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RECREATION AND PARKS Recreation and Parks Homepage

In spite of the unprecedented downturn in our nation's state and local economies, the Department of Recreation and Parks and its many outstanding employees continue to promote community welfare through programs and services offered at our over 420 parks citywide. My personal commitment and those of our outstanding workforce is to continue to provide these critical and necessary programs to you, our citizens.

Since 2007, the City of Los Angeles, as well as every city across the world, has been forced to reduce its expenditures. These budget reductions have hit every department in the City and have been especially felt by the Department of Recreation and Parks. Although the Department gets a direct appropriation from the City's property tax valuation, citywide services (water and electricity, indirect personnel costs and trash pickup) which had been provided as a centralized cost to all City departments is now being allocated against the Department. These indirect costs now account for over 23% ($43 million) of the entire Department’s budget. The end result is that the Department no longer has this $43 million to spend on discretionary programs and enhanced maintenance of our parks.

This reduction in community/people dollars has required reductions and eliminations of programs and the cleanliness of our park system. We have had to eliminate or greatly reduce our licensed child care programs, close our Recreation Centers to scheduled programs on Sundays and Holidays, eliminate multiple daily cleanings of our facilities, and increased fees to park users. These reductions and eliminations have not been done easily or without my own personal reservations, but have been required in order to keep the quality and quantity of our Core Program mission. None of these reductions were easy.

Our mutual goal is to continue to enhance our recreational and social experiences in our parks. As we go forward, we will continue to have a strong presence of municipal employees providing the majority of park programs. However, to ensure we continue to provide these necessary and critical recreation and social programs, the Department will actively solicit and encourage other non-profits to help minimize the impact of the City budget shortfalls by partnering with us at our recreation facilities.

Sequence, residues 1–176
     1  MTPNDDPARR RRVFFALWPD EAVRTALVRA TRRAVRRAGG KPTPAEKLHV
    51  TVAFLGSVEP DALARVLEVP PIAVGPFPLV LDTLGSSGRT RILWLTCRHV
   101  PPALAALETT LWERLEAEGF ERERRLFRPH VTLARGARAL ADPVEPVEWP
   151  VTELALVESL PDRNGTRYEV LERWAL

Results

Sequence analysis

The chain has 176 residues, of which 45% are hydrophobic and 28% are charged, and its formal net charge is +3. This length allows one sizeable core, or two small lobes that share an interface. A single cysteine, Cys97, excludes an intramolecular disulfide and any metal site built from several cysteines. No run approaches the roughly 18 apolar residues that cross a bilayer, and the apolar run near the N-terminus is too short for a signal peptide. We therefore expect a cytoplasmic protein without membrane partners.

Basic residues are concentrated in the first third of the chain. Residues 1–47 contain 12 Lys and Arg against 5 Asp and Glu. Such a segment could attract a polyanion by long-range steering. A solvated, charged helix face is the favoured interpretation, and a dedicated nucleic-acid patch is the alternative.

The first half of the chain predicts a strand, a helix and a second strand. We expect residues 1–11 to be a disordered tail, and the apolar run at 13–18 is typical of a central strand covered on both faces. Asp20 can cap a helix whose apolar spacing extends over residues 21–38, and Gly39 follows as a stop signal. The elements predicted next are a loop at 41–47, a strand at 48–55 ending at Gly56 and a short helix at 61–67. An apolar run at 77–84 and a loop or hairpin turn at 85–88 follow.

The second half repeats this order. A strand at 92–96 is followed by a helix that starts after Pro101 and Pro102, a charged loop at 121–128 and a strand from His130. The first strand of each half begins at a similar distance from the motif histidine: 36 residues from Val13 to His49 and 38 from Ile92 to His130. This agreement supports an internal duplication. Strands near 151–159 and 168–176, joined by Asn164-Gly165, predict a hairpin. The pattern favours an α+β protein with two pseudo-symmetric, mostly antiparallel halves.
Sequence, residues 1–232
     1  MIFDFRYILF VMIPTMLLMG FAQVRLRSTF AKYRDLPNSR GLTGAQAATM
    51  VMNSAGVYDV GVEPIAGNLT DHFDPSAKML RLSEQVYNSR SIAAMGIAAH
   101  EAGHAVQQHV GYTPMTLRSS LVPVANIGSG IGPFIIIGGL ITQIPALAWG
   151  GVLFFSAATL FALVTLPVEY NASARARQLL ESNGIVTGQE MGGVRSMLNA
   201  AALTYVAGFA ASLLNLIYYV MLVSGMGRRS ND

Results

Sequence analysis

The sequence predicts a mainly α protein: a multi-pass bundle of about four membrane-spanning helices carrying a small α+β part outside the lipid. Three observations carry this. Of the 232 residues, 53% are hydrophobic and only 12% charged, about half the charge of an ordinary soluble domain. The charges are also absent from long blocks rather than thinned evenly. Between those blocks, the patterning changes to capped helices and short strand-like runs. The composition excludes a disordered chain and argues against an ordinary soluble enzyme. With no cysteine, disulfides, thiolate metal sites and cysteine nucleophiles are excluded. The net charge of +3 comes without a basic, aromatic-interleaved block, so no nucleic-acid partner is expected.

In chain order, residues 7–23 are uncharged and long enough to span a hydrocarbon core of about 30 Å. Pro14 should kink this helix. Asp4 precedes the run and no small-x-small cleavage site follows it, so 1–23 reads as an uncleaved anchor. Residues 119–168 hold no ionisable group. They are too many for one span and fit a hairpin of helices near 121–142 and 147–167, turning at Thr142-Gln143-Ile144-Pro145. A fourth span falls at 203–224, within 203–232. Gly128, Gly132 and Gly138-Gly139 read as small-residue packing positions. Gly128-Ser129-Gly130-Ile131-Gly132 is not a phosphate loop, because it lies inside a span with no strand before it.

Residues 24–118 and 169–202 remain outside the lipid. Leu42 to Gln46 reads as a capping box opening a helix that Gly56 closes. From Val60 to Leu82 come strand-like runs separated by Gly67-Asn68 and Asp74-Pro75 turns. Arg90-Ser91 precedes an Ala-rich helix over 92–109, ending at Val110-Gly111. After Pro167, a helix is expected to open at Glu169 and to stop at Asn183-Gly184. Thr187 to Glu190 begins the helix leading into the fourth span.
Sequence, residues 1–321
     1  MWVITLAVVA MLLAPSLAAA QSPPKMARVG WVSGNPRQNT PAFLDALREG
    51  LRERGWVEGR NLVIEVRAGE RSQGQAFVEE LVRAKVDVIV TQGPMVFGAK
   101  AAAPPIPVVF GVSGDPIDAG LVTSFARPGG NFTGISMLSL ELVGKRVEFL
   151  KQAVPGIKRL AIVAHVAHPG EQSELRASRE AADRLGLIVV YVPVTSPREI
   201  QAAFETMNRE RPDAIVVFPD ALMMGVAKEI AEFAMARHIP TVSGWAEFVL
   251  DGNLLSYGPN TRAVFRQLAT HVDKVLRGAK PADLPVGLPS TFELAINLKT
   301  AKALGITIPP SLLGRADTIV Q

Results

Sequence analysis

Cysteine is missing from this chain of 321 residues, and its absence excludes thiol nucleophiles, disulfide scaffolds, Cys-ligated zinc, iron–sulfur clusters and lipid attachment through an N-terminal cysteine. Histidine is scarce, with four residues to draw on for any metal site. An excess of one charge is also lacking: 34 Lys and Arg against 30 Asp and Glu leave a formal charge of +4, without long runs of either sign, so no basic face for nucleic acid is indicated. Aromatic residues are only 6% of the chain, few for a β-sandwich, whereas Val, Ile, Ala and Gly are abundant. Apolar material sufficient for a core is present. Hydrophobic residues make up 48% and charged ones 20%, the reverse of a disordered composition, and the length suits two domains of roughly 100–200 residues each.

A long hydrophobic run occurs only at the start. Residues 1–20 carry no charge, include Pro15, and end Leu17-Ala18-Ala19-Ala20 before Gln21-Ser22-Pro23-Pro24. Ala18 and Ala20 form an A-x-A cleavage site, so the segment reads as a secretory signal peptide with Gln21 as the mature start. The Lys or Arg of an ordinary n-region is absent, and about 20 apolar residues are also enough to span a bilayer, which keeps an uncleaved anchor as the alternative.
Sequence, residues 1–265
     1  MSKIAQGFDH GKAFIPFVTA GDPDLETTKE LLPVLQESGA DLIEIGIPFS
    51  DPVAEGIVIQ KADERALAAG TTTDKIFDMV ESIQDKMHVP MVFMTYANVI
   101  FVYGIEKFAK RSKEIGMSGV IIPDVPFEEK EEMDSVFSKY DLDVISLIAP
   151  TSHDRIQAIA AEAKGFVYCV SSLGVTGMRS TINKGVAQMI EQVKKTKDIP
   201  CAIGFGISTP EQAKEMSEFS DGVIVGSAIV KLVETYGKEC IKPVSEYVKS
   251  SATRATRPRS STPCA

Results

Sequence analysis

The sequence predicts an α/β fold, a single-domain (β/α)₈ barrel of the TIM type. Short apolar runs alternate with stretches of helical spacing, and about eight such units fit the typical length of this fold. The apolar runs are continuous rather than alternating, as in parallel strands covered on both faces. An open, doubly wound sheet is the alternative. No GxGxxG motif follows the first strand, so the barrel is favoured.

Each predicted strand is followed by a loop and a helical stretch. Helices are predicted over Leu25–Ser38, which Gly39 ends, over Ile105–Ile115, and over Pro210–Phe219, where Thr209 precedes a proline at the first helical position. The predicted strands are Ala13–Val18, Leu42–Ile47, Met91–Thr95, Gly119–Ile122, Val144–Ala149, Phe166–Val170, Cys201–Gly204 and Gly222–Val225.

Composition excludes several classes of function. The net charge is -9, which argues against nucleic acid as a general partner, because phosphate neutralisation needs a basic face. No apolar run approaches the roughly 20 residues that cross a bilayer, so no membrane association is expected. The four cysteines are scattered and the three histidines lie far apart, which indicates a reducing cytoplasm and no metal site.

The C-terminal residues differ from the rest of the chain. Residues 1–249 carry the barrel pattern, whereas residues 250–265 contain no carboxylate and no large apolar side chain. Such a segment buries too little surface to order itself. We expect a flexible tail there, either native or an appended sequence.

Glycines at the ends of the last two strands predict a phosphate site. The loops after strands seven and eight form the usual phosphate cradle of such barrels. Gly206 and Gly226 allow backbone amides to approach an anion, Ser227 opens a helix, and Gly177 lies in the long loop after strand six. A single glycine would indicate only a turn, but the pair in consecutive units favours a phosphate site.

The Department and the City also need to look at our future. Los Angeles is one of the World's Great Cities and we must continue to assume the leadership role in Urban Planning while we see a strong increase in our population base. Currently, over 80% of all Americans live in Urban Cities. Our youth are spending less than half the time in outdoor activities than once ago, and it is estimated that they spend an average of seven hours a day interfacing with electronic devices.

Los Angeles is also viewed as not having enough “accessible” park space for its citizens. A 2004 study compiled by the Trust for Public Land estimated that over 33% of our children lived within a quarter mile of a park. Our goal should be that every child should have easy access to open space. Over the past six years, we have added 40 parks and 650 acres of park land but that is certainly not enough. We now have plans to add 50 parks over the next three years in our most densely populated and park-poor areas to help remove physical barriers for access to open space.

I am extremely honored to be the General Manager of this extremely important Department during this time of crisis and extremely proud of the many exceptional men and women who work daily in our parks to provide active programmed recreation and the safety and cleanliness of our facilities. Please visit our parks system and take the time to say thank you to those who work to make our lives and our community better.